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Last Updated: Wednesday, 25 January 2006, 13:42 GMT
Boy killed sister in house blaze
A teenager has been found guilty of murdering his 11-year-old sister after setting fire to his family home in south London.

He described plans to kill his family in a note entitled Operation New Life so he could be adopted by a rich family, the Old Bailey heard.

The boy, who was 14 at the time of the offence in 2004, called himself Dante, after a video game Goth character.

His parents and surviving sister had supported him throughout the trial.

He also attacked his 12-year-old brother with an axe leaving him with serious head injuries.

The boy, who cannot be named because of his age, was found guilty of murder, attempted murder and arson.

Autism defence

The Old Bailey heard the Operation New Life note was found under his bed after the house fire in April 2004.

Sir Allan Green, for the prosecution, said it read: "Kill family. Lose memory. Get adopted by a rich couple. It all starts."

These matters have struck at the heart of the family and are heartbreaking for the family
Judge Richard Hone

It then went on to list the names of his parents and three siblings in a "List of Deaths".

He had initially claimed a gunman had forced him to attack his sleeping brother and set fire to the house but later admitted it was untrue.

The boy, now 16-years-old, was placed in custody while pre-sentence reports including a risk assessment to the public are prepared.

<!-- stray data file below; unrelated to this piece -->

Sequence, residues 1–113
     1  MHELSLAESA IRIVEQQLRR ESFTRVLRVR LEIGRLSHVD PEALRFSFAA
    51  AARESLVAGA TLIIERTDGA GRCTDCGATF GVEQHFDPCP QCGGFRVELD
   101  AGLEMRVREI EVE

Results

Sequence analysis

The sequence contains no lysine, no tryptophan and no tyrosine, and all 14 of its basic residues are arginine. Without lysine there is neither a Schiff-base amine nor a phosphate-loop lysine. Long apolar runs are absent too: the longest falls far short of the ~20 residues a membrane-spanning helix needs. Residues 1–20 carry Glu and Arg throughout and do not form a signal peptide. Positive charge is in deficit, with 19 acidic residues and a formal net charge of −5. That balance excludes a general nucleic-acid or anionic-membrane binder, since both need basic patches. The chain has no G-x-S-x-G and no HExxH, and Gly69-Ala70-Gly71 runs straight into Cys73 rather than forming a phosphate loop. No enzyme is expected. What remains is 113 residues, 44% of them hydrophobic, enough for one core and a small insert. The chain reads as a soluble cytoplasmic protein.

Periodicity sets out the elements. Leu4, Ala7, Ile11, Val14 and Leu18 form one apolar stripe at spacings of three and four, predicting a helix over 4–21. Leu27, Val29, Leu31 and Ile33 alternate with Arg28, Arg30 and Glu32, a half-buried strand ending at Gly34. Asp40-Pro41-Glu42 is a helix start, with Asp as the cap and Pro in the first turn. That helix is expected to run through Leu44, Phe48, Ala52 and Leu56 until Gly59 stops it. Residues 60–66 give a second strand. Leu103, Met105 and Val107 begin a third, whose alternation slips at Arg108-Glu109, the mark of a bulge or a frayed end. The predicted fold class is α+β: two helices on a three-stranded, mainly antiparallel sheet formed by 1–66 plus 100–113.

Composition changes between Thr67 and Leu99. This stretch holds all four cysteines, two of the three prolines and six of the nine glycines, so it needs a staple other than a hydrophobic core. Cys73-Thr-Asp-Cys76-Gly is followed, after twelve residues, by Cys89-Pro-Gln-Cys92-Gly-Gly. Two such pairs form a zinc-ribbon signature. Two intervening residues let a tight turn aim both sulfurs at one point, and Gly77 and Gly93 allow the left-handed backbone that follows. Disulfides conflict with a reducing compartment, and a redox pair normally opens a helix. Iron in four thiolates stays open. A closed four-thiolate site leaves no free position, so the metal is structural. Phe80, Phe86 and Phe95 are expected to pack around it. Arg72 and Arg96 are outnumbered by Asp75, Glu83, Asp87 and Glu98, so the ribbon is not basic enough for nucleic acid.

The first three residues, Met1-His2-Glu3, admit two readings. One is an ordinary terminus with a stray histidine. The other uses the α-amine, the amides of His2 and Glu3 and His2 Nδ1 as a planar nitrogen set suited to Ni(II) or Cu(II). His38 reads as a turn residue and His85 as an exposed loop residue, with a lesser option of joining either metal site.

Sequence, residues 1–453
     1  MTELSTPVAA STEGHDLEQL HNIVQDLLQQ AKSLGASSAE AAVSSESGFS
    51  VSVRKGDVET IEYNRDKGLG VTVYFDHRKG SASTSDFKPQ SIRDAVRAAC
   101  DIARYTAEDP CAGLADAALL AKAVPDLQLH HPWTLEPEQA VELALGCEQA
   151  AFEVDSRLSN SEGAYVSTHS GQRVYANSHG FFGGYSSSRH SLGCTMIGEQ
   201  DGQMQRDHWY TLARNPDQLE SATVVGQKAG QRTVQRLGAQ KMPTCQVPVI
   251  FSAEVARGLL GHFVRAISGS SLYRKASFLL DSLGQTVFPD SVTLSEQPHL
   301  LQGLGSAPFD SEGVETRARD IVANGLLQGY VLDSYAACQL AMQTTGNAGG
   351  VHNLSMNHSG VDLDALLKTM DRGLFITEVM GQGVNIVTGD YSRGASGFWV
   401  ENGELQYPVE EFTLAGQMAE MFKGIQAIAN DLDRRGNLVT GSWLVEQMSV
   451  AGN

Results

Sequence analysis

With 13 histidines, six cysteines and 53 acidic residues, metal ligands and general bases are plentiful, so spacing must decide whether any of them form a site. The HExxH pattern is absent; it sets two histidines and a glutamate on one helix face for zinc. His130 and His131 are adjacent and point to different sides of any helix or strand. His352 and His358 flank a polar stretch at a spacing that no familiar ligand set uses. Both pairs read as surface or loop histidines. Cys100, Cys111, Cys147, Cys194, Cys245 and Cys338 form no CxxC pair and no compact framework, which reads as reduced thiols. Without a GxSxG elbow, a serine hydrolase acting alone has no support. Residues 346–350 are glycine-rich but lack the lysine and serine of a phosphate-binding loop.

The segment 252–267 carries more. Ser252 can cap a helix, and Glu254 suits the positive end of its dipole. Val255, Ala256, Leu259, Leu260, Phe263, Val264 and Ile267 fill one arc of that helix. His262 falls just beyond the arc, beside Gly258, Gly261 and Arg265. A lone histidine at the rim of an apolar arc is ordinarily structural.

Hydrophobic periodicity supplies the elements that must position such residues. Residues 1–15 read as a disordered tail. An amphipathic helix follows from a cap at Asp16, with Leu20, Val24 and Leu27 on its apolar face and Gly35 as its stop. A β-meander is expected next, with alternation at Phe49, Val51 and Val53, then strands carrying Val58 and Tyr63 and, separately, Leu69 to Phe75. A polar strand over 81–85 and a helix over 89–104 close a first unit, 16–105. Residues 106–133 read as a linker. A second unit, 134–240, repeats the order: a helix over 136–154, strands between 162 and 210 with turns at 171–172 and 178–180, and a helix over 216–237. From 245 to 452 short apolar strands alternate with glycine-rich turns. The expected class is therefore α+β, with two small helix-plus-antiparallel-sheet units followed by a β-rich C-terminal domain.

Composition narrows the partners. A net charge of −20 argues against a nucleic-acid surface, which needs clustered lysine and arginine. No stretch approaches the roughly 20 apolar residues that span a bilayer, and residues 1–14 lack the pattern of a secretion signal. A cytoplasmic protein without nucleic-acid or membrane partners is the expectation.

Seven psychiatrists could not agree after examining the boy. The defence had said he was autistic but the prosecution pointed out that he had glowing school reports and his parents had not noticed anything strange about him.

Prosecution psychiatrist Dr Paul Chesterman said the boy was showing psychopathic traits, although a full assessment could not be made until he was 18.

Dr Chesterman said he could not find any mental illness in the boy and cast doubt on claims by the youth that he had seen visions.

The boy's father, a telecoms engineer, told police his son wore black Goth clothes including a long Matrix-style coat.

Sir Allan said: "He said not everyone liked him at school because he did well academically and because he was a Goth and wore dark clothes."

His English teacher "described him as a model pupil and he gave me no trouble".

His parents and sister wept and hugged after the verdicts were read out.

Judge Richard Hone said: "No one can leave this case without paying tribute to his family.

"These matters have struck at the heart of the family and are heartbreaking for the family."

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